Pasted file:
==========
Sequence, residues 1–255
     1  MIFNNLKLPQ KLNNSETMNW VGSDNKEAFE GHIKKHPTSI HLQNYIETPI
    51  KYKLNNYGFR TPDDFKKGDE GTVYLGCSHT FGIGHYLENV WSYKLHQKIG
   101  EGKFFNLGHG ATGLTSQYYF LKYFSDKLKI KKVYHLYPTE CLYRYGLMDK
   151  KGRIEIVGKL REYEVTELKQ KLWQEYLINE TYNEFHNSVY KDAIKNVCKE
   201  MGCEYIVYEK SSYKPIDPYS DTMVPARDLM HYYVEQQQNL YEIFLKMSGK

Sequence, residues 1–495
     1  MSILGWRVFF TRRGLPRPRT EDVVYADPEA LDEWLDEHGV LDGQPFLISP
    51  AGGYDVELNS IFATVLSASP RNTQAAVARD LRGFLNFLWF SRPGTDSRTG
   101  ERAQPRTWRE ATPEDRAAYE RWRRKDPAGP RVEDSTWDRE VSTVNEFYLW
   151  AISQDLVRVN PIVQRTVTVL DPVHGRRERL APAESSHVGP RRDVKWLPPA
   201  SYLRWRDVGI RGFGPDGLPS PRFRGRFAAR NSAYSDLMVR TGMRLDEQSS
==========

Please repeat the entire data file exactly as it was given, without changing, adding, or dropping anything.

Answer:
Sequence, residues 1–255
     1  MIFNNLKLPQ KLNNSETMNW VGSDNKEAFE GHIKKHPTSI HLQNYIETPI
    51  KYKLNNYGFR TPDDFKKGDE GTVYLGCSHT FGIGHYLENV WSYKLHQKIG
   101  EGKFFNLGHG ATGLTSQYYF LKYFSDKLKI KKVYHLYPTE CLYRYGLMDK
   151  KGRIEIVGKL REYEVTELKQ KLWQEYLINE TYNEFHNSVY KDAIKNVCKE
   201  MGCEYIVYEK SSYKPIDPYS DTMVPARDLM HYYVEQQQNL YEIFLKMSGK

Sequence, residues 1–495
     1  MSILGWRVFF TRRGLPRPRT EDVVYADPEA LDEWLDEHGV LDGQPFLISP
    51  AGGYDVELNS IFATVLSASP RNTQAAVARD LRGFLNFLWF SRPGTDSRTG
   101  ERAQPRTWRE ATPEDRAAYE RWRRKDPAGP RVEDSTWDRE VSTVNEFYLW
   151  AISQDLVRVN PIVQRTVTVL DPVHGRRERL APAESSHVGP RRDVKWLPPA
   201  SYLRWRDVGI RGFGPDGLPS PRFRGRFAAR NSAYSDLMVR TGMRLDEQSS